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Gemma milne

Technology and science writer

 

And - Co-founder of podcast and events organisation, Science: Disrupt; International speaker; one of the World Economic Forum's Global Shapers

Don't ever let anyone tell you what you're interested in isn't interesting. You know it is and that is enough.

What do you do?

"I write and speak about amazing new advances in science, tech and startups and how they affect society." 

I write for places such as Forbes, BBC, The Guardian, CNBC etc; I speak at international conferences such as SXSW, TEDx, Cannes Lions etc; I have just started writing a book about hype and idealism in science and tech - should be published in 2020; I consult with Innovate UK and the European Commission on startup investment - particularly in biotech; I also am co-founder of Science: Disrupt - a podcast and events organisation all about connecting the innovators, iconoclasts and entrepreneurs creating change in science. 

Why did you choose this field?

"Space School really made me understand I wasn't strange for liking these topics." 

Science has always been my first love. My Grandad and my Dad are both stonemasons and they instilled in me a real love of maths - I studied maths at St Andrews University. My Mum studied human biology at university and although I didn't love it when I was in school, a lot of what I write about now is life sciences related!

 

I went to Space School when I was 17 - a group of 26 Scottish students were selected, and we went to NASA Houston for 10 days. For me, that really opened my mind to the possibility of having a career in this space. After university, I actually ended up in Investment Banking and then Advertising (I also have a love for business and for art).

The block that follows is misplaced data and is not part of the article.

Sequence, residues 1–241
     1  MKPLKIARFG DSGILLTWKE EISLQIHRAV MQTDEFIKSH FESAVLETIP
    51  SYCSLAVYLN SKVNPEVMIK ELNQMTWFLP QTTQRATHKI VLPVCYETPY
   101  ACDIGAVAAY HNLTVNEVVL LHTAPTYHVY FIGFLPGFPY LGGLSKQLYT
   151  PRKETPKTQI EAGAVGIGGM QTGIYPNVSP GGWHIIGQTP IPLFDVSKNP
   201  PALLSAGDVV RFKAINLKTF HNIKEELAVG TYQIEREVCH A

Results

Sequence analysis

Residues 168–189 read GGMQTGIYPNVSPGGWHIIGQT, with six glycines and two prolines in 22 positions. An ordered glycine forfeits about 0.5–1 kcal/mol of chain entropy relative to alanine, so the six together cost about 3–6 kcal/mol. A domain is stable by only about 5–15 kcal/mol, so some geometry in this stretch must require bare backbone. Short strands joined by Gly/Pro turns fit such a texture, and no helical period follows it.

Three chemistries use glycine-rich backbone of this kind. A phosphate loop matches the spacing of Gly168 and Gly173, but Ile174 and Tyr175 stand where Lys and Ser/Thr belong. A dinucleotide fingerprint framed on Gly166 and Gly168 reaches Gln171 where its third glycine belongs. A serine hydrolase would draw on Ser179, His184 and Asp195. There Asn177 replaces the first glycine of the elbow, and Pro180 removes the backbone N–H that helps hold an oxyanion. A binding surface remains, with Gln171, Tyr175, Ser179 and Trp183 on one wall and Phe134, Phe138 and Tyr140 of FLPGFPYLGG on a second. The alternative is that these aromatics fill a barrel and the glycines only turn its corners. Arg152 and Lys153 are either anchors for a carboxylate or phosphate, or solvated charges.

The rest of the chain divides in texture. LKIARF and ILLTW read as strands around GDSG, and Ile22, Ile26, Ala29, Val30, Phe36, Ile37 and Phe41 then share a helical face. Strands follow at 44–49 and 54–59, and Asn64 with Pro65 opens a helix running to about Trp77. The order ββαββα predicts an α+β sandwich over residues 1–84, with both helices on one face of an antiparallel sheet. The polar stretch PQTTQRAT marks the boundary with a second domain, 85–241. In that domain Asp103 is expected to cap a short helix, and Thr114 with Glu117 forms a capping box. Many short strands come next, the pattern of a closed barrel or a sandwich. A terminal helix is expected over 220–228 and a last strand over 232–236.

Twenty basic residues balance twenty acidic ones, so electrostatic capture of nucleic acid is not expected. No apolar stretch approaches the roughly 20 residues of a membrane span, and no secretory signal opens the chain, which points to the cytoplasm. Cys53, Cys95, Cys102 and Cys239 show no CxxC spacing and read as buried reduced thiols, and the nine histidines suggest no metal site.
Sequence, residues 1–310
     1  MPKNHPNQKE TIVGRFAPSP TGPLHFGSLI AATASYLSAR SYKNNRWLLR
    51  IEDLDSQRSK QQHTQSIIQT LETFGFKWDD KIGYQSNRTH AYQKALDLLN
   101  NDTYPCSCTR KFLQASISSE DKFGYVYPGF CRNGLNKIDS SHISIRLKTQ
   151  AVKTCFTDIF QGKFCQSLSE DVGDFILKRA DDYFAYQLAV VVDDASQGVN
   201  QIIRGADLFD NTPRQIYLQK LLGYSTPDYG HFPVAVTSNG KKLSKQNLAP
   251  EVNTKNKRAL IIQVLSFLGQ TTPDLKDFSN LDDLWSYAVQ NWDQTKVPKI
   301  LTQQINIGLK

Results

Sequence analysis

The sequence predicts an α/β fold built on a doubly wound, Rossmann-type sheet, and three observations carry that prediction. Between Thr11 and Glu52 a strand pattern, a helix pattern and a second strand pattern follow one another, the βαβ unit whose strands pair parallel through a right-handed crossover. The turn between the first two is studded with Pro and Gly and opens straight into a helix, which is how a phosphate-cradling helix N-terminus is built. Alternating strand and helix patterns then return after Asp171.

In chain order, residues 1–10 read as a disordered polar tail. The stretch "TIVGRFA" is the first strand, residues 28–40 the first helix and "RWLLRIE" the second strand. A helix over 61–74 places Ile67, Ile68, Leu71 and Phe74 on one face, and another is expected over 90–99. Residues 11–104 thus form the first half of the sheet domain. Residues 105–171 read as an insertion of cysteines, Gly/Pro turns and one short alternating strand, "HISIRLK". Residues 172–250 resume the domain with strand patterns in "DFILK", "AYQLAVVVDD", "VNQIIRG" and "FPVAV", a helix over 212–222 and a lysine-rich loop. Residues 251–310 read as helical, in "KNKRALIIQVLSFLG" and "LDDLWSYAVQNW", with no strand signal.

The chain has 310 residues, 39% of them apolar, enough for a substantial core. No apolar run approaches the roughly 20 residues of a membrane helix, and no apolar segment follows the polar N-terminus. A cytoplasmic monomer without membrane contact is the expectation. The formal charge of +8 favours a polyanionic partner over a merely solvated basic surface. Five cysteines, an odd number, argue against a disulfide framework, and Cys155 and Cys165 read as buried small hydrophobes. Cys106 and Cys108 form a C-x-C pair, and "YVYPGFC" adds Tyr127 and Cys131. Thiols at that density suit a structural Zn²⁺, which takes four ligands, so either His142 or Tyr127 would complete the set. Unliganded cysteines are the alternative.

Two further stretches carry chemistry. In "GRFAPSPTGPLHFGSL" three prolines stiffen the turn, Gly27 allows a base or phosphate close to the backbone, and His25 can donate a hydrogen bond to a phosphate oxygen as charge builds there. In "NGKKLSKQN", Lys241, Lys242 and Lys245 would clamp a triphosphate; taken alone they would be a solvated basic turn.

It wasn't really until 2016 that I 'came back' to science by starting Science: Disrupt. When I was made redundant from my job in a corporate innovation team in 2016, I knew that this was the time to focus my efforts on what I loved most - science and tech. The rest is history really..!

What do you look at and think, "I wish younger me would have known this was possible"?

Probably the amount I travel with work - I grew up in a small town in Scotland and I never really had ambitions to travel - mainly because I didn't really know it was an option. I'm not sure I really wish younger me knew any differently though - I am so happy with the choices I've made / fell into throughout my life - as it's the only reason I'm here right now doing what I'm doing! 

Why do you love working in STEM?

Who doesn't want a job that literally means feeling a sense of wonder every single day. I wake up looking forward to learning new incredible things, and having the privilege of telling the world about them.

Best advice for the next generation

Don't listen to anyone who says it's lame / it makes you boy-ish / it isn't for you. I was so lucky that my parents and teachers never let me believe that narrative, but I know many people who succumbed to those falsities and stopped being interested at a young age. Don't ever let anyone tell you what you're interested in isn't interesting. You know it is and that is enough. 

Fun fact

Watch TED talks - I started watching them in high school and I was totally inspired. You can literally hear about ANYthing, at any point. Keep your mind open to all options.